I wrote about perennial tomatoes when I took cuttings from my favorite plants of the summer.
They were rooting quite well in a sunny, south window when I discovered I hadn't gotten rid of all of the aphids that were on them when I took the cuttings.
So, I took them outside and rinsed them off with the water from their jars, washing some of the aphids off. I have had a bottle of insecticidal soap for a couple of years that I have never used, until today. I hope it gets rid of the aphids so I can keep these plants going all winter.
We harvested the last of the sweet potatoes a few days ago.
There were five more hills and we were pleased with the results.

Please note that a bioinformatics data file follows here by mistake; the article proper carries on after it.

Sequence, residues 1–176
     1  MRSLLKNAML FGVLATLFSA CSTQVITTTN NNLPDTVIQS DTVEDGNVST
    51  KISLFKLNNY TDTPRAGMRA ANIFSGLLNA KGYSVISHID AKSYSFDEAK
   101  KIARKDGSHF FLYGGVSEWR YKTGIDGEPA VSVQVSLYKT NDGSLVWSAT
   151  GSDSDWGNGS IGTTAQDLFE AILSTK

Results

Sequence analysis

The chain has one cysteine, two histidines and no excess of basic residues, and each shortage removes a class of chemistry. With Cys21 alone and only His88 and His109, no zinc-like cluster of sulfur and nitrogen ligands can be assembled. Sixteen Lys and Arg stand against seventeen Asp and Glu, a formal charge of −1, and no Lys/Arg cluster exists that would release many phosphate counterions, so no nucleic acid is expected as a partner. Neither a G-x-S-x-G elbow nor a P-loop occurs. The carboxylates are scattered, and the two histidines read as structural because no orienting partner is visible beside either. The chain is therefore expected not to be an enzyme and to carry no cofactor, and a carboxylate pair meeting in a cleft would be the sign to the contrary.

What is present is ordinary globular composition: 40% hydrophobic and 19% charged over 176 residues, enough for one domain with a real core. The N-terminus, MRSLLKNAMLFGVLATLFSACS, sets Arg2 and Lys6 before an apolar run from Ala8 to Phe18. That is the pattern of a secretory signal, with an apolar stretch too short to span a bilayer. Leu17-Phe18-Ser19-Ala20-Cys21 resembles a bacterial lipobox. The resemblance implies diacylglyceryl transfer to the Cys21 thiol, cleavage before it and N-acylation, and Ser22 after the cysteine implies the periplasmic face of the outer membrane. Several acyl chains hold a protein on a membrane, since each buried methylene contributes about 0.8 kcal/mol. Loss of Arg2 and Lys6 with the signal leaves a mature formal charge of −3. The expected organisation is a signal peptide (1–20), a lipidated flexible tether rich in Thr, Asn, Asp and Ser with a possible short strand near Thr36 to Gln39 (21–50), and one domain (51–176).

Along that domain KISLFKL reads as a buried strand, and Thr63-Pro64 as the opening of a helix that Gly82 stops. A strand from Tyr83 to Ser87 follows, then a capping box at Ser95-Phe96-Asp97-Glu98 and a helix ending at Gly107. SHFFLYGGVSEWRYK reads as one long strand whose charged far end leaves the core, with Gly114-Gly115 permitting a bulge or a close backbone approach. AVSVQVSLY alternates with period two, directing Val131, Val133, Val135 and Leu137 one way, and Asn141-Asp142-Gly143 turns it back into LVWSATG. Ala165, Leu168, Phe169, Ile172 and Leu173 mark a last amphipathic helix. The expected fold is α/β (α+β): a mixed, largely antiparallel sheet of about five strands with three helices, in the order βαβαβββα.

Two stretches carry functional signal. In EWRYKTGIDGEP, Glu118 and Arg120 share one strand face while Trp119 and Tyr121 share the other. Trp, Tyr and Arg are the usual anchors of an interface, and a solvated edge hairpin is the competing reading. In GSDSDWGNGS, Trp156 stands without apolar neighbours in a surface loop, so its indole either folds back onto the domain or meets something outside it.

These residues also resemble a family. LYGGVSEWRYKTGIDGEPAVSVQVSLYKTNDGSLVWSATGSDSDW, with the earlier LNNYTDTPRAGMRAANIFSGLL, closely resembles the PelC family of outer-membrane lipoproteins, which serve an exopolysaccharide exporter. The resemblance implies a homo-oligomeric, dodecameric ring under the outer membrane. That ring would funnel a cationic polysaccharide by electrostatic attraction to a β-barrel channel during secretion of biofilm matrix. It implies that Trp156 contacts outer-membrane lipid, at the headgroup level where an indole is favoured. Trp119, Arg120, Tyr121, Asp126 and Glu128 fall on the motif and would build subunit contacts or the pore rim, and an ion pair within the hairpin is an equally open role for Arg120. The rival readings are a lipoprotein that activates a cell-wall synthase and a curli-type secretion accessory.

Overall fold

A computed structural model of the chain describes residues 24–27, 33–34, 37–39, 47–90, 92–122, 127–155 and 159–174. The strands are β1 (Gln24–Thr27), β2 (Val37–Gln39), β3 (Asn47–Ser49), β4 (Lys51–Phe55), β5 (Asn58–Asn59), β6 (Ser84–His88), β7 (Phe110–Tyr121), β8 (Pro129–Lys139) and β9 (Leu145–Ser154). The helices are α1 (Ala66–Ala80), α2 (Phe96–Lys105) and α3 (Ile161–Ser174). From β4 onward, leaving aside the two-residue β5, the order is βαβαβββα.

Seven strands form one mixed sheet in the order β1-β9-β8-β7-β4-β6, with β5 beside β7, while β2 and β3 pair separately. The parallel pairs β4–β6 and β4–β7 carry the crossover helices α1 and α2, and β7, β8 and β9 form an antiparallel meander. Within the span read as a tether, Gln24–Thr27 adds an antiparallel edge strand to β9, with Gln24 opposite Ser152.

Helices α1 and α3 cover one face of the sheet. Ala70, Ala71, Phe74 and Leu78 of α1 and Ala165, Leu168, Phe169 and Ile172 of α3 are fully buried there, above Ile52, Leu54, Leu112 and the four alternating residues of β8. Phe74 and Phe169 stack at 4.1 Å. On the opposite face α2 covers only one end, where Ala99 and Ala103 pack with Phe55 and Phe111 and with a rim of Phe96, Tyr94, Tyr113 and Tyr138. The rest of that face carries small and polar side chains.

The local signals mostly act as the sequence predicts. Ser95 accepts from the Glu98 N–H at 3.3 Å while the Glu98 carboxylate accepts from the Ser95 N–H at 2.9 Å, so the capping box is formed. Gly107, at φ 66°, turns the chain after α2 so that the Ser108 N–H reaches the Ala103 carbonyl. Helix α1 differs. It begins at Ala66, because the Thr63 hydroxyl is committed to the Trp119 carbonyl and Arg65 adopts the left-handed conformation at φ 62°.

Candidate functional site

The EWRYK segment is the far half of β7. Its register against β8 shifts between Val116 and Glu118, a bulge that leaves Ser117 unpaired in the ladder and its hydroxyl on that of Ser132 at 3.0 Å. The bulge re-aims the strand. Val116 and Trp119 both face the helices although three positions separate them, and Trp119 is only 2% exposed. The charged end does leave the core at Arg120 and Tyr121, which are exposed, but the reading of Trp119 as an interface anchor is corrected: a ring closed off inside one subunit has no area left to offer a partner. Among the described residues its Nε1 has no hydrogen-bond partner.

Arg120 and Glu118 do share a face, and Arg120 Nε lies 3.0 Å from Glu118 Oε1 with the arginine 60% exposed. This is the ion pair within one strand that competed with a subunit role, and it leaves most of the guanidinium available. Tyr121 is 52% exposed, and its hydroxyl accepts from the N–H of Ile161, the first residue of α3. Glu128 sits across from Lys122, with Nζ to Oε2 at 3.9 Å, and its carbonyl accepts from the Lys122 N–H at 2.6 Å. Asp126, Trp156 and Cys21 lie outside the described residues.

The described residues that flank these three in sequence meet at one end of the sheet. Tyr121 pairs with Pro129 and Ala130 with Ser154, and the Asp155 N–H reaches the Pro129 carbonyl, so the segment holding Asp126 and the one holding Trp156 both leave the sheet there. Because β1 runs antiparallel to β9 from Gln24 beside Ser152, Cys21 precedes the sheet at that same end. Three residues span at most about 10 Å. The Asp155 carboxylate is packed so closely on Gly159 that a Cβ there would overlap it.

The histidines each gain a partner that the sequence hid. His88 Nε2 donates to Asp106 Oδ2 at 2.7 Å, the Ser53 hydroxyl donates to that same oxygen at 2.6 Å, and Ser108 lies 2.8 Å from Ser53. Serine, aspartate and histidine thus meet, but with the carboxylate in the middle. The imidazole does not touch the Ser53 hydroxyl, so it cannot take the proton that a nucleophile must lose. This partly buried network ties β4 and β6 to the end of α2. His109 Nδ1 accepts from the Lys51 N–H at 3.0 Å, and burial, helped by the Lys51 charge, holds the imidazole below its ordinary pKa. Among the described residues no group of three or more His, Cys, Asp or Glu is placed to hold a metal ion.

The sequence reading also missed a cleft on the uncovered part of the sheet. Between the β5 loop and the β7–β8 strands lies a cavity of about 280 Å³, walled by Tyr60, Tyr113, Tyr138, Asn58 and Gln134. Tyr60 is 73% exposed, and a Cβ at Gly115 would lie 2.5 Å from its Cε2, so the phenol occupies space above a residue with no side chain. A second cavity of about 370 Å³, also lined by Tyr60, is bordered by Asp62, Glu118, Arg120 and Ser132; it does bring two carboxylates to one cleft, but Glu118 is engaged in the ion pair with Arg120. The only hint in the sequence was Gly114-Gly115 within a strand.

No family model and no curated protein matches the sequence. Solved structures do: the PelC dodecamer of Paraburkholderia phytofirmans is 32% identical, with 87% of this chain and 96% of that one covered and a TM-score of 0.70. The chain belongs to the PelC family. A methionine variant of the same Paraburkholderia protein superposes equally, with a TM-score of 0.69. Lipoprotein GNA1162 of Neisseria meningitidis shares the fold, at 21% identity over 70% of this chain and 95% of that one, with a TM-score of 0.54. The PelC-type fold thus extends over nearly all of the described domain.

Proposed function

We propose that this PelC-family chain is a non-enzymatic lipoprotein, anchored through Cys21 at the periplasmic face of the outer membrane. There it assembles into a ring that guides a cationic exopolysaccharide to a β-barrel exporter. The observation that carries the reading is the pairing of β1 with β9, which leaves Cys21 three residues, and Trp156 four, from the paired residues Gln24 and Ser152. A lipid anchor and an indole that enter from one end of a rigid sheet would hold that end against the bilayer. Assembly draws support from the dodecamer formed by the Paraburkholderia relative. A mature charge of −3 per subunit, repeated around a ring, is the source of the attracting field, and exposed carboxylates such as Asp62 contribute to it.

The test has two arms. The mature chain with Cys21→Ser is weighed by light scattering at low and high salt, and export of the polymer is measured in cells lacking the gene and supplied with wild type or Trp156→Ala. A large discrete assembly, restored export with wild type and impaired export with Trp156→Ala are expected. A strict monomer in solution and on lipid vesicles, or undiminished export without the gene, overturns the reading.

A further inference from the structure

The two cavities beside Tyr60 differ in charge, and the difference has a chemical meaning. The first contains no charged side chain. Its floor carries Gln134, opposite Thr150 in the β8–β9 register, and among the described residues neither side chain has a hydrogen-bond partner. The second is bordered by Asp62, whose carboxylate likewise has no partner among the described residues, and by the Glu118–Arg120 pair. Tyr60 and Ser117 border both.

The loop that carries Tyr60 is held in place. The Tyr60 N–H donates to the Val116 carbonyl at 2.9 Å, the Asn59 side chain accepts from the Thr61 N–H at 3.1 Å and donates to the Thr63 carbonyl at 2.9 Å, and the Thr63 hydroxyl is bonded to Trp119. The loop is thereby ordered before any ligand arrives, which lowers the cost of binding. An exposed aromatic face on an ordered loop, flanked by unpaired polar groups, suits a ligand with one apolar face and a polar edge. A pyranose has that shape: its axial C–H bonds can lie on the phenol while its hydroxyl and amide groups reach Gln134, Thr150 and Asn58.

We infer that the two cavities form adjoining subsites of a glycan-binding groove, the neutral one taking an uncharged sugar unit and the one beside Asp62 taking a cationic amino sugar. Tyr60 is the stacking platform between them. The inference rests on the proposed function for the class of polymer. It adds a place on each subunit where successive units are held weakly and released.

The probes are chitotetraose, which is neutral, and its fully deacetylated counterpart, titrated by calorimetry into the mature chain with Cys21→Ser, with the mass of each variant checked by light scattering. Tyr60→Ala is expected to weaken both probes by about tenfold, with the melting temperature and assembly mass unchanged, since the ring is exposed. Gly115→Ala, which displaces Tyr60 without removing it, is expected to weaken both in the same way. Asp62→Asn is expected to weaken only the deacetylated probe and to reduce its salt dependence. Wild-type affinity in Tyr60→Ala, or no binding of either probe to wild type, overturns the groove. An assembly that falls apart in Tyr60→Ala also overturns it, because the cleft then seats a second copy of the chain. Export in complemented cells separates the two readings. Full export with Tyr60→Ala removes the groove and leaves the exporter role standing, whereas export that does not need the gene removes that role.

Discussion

There were a few odd red ones that came from a store bought potato that had sprouted. I stuck the whole potato in the ground in June. It didn't produce as much as the other type. We'll see how it tastes.
We figure we have about 25 pounds of sweet potatoes.
That is a pretty good deal for our first real crop.
It gave the usual recommendations for starting sweet potato plants in a jar or soil, but the third idea is what caught my attention. Take 6-inch cuttings from existing vines in the fall and put them in jars to root.
But I just dug up all of my potatoes! Well, not all. I still had the small hill back in the herb bed that grew from a small potato that was grown last year. Yea!
So, for my second perennial vegetable, I have sweet potatoes rooting in a jar next to the tomatoes. I am very intrigued and excited about the possibilities this brings to continue a variety of plant that produces well and tastes good. It will also provide nice sized healthy plants to put out in the spring.
Learning. What a great thing to do! Every day. Every single day.
Until next time - Fern